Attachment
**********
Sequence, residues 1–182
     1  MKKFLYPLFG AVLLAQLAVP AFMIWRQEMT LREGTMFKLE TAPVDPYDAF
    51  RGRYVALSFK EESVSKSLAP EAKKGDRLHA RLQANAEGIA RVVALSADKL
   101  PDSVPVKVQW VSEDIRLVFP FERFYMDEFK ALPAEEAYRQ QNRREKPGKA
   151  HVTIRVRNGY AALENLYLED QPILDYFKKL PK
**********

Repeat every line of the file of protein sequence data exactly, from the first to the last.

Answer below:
Sequence, residues 1–182
     1  MKKFLYPLFG AVLLAQLAVP AFMIWRQEMT LREGTMFKLE TAPVDPYDAF
    51  RGRYVALSFK EESVSKSLAP EAKKGDRLHA RLQANAEGIA RVVALSADKL
   101  PDSVPVKVQW VSEDIRLVFP FERFYMDEFK ALPAEEAYRQ QNRREKPGKA
   151  HVTIRVRNGY AALENLYLED QPILDYFKKL PK